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A month after announcement, boards anxiously waiting for answers on $25M provincial cut

'We're standing by and hoping that more clarity comes quicker,' says chair of Sudbury Catholic boardĀ 
Education Minister Lisa Thompson's office confirmed $25 million cuts in education funding just before Christmas. School boards say they're still waiting for answers on what the cuts will mean for their own finances. (Supplied)

About a month after they were first announced, local school boards are waiting for answers on what $25 million in cuts from the province's education budget will mean for their own finances.

Just before Christmas, it was announced that the money was being slashed after the government reviewed the Education Programs – Other (EPO) fund. 

The fund gives schools money for things like tutors and leadership programming, and extra services for indigenous and other racialized students.

Sudbury Catholic District School Board chair Michael Bellmore said he does believe there's going to be an effect on his board, but doesn't know the full extent just yet because few details have been provided by the education ministry.

“We're standing by and hoping that more clarity comes quicker,” he said.

“I'm attending our trustees' provincial conference next week, and (Education Minister Lisa Thompson) is expected to speak.

“So we'll see if she has anything to say or add to where we're at. Everybody is just kind of walking around, waiting to see what's going to happen.”

Bellmore said his board will be less impacted than some others, because they budgeted for this kind of thing. “We budgeted and planned on potentially not having any of these (grants),” he said.

He said his biggest concern is the waste of tax dollars after programs were implemented by the previous Liberals, only to be shelved by the current Progressive Conservatives.

“I would hope that the decisions that are being made are being made in the best interests of education, and not politically-motivated positions,” Bellmore said. also requested interviews with the other three local school boards on the issue. 

Two of them — the Rainbow District School Board and Conseil scolaire catholique du Nouvel-Ontario (CSCNO) — provided only short written statements, while the third, Conseil scolaire public du Grand Nord de l'Ontario (CSPGNO), did not respond.

“It is too soon to say how any funding changes might affect Rainbow District School board,” said Rainbow board spokesperson Nicole Charette, in an email. 

“The overall impact cannot be fully assessed until Transfer Payment Agreements have been finalized.”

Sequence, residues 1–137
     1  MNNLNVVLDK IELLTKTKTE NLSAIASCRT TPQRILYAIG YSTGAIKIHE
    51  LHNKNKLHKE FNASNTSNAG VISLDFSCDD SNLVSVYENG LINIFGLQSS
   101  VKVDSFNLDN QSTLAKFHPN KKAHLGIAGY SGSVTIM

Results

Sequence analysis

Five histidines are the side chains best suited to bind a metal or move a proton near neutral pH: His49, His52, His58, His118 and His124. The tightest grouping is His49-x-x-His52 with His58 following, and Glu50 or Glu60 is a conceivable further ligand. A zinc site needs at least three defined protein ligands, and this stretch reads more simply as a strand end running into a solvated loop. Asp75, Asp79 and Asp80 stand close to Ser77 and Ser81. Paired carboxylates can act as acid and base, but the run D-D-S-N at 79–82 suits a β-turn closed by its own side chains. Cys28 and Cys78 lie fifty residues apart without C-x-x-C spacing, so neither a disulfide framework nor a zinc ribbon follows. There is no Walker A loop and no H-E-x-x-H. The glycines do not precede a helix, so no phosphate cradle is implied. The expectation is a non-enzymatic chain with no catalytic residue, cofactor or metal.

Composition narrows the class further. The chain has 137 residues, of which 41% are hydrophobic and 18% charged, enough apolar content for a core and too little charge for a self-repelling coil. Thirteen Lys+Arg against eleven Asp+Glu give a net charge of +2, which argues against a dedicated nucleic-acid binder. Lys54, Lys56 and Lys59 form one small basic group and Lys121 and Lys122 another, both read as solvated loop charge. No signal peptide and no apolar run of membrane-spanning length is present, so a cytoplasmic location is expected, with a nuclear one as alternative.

Lyse-Anne Papineau, director of education with CSCNO, said as with other school boards, her board is making the “necessary adjustments” in response to the recent provincial funding cuts.

“For the time being, it is still too early to determine the impact that these cuts will have on our schools,” she said in the statement. “We are continuing to offer the best French-language Catholic education to our students.”

Local Elementary Teachers Federation of Ontario (ETFO) rep Liana Holm doesn't have any more answers than her counterparts at the school boards.

“My personal opinion was that it was a hasty decision put out right before Christmas that was very unclear, so it leaves people with lots of questions,” said Holm, first vice-president of the ETFO Rainbow local.

“You know what, looking at the grants that have been cancelled, I can't even tell you what it's going to look like for school boards … You don't know what exactly every single piece of this that has been touched. It's unclear.”

Ever since the Doug Ford Progressive Conservative government took their seats last year, the education sector has been “nervous,” she said.

“(Ford has) announced so many changes already to programs that have done so many really good things for students,” Holm said.

Changes to education already made include repealing the controversial 2015 sex ed curriculum. 

The ETFO and the Canadian Civil Liberties' Association actually took the Ford government to court, alleging the repeal is unconstitutional.

They say it puts children at risk by failing to be inclusive and meeting the needs of today's students. 

Holm said her union would like to see the programs affected by the $25 million budget cuts continued.

“We saw the growth that has happened (under the previous provincial Liberals), and we saw that the needs were being filled and students were getting what they wanted,” she said.

“Was it perfect? No. But was still a step in the right direction.”


Heidi Ulrichsen

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